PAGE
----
The World's Best Poetry, Volume 8
Part 9 out of 9
Oh make Thou us, through centuries long,
In peace secure, in justice strong;
Around our gift of freedom draw
The safeguards of thy righteous law:
And, cast in some diviner mould,
Let the new cycle shame the old!
JOHN GREENLEAF WHITTIER.
* * * * *
HYMN OF THE WEST.[A]
WORLD'S FAIR, ST. LOUIS.
[Footnote A: Copyright 1904 by Robert Allan Reid.]
O Thou, whose glorious orbs on high
Engird the earth with splendor round,
From out Thy secret place draw nigh
The courts and temples of this ground;
Fill with Thy might
These domes that in Thy purpose grew,
And lift a nation's heart anew!
Illumine Thou each pathway here,
To show the marvels God hath wrought
Since first Thy people's chief and seer
Looked up with that prophetic thought,
Bade Time unroll
The fateful scroll,
And empire unto Freedom gave
From cloudland height to tropic wave.
Poured through the gateways of the North
Thy mighty rivers join their tide,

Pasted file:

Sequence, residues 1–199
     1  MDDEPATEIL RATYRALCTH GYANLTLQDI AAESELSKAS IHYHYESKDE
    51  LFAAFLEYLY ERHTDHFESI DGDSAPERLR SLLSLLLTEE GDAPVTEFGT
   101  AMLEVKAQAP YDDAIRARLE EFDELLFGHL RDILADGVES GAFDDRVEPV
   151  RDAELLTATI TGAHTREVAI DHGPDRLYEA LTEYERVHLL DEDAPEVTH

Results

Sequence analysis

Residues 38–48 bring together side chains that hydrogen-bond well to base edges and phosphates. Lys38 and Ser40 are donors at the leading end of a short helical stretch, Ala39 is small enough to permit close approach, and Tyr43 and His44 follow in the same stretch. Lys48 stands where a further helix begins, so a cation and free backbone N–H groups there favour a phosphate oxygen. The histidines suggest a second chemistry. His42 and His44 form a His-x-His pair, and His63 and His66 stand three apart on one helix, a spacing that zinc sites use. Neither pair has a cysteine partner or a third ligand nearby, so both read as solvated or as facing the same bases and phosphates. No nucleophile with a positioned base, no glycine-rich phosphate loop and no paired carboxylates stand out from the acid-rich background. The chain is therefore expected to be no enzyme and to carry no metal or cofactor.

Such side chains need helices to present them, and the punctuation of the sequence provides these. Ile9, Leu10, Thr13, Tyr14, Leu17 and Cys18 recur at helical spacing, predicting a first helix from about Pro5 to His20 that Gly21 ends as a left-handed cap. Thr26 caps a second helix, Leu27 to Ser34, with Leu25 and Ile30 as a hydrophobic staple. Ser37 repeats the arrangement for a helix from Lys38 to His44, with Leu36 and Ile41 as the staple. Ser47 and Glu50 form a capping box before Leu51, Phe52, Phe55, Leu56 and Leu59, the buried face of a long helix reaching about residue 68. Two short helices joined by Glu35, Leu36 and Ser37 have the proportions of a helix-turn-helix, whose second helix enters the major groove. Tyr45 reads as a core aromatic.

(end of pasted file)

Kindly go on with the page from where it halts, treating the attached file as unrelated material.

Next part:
And on the wings of morn sent forth
Their mists the far-off peaks divide.
By Thee unsealed,
The mountains yield
Ores that the wealth of Ophir shame,
And gems enwrought of seven-hued flame.
Lo, through what years the soil hath lain,
At Thine own time to give increase--
The greater and the lesser grain,
The ripening boll, the myriad fleece!
Thy creatures graze
League after league across the land
The ceaseless herds obey Thy hand.
Thou, whose high archways shine most clear
Above the plenteous western plain,
Thine ancient tribes from round the sphere
To breathe its quickening air are fain;
And smiles the sun
To see made one
Their brood throughout Earth's greenest space,
Land of the new and lordlier race!
EDMUND CLARENCE STEDMAN.
[The foregoing was the official hymn of the Louisiana Purchase
Exposition at St. Louis in 1904. It was written upon invitation of the
Exposition authorities, and was sung at the opening of the Fair by a
chorus of five hundred voices, to music written for it, also upon
official invitation, by Professor John K. Paine, of Harvard
University. It fitly concludes the poems of Peace, in this volume of
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